You never know what's coming, or what could happen. Life is always changing. It never stays the same, not for long anyways. 

On day 11, the final day we had an early morning, 5 AM chanting and final discourse before you could eat breakfast, and start packing and getting ready to leave. I stayed for a while after to help clean up and what not, which I enjoyed getting that final sliver of time with the fellow meditators.

I left feeling quite sad that it was over, I even cried in the final meditation knowing that it was the last time we were all together like this. I felt so bonded with these people, I didn't really want to say goodbye, I even considered staying longer and helping at the center, but I knew I had some stuff in real life to take care of. 

However after being back home now for a few days, all I want to do is go again, it was so calm and peaceful there, and I was surrounded by such wonderful people, all there to improve themselves. I greatly miss it. So I am looking into going to New Zealand and serving at the center out there for some time. Maybe that will be how I will travel the world, just going from center to center and make my way through.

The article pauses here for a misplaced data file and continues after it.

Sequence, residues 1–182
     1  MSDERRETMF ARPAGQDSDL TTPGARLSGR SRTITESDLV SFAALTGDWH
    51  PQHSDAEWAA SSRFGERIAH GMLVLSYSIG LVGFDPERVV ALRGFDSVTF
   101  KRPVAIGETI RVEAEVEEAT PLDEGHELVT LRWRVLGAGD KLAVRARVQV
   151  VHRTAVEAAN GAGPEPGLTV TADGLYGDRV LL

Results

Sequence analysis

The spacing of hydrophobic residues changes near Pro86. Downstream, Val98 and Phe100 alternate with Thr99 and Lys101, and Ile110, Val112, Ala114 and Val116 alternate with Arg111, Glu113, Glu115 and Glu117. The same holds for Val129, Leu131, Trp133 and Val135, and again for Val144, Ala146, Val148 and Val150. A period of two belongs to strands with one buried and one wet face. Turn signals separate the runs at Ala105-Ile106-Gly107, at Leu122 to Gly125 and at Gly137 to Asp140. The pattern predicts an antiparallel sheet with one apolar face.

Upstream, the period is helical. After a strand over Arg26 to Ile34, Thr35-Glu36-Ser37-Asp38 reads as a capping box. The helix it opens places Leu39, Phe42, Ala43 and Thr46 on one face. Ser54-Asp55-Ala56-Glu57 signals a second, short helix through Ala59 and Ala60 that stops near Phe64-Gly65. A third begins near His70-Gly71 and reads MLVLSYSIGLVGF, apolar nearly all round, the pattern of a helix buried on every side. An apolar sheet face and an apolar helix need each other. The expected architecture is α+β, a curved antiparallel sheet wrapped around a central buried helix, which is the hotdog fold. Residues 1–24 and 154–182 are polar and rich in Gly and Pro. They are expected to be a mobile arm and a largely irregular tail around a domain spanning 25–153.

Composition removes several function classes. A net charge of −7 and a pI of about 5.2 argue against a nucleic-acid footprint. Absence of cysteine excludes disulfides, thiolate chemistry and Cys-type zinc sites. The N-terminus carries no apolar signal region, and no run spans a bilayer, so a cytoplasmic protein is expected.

If I could spend one year of my life doing that, I can't even imagine the benefits that would ensue. They would be immeasurable. But I always felt like I would do something like this before, I had joked about it to some, saying "who knows, maybe I will just disappear and meditate for 10 years!" Its mostly been a joke, but now I am not so sure, its the path I am on and want to stay on, as I really see no higher truth.  

After the experience, naturally, I wanted to write my own blog post to help spread awareness about Vipassana, and maybe help someone prepare for their own course. I won't give away too much about what I realized during the 100+ hours we spend meditating because of course everyone is going to have a completely different experience. As well, it's only a couple days after I returned so I am still trying to digest it and everything I gained from it, but what I can say is this will help me for the rest of my life, the benefits were enormous.

Some things that I realized/understood or experienced: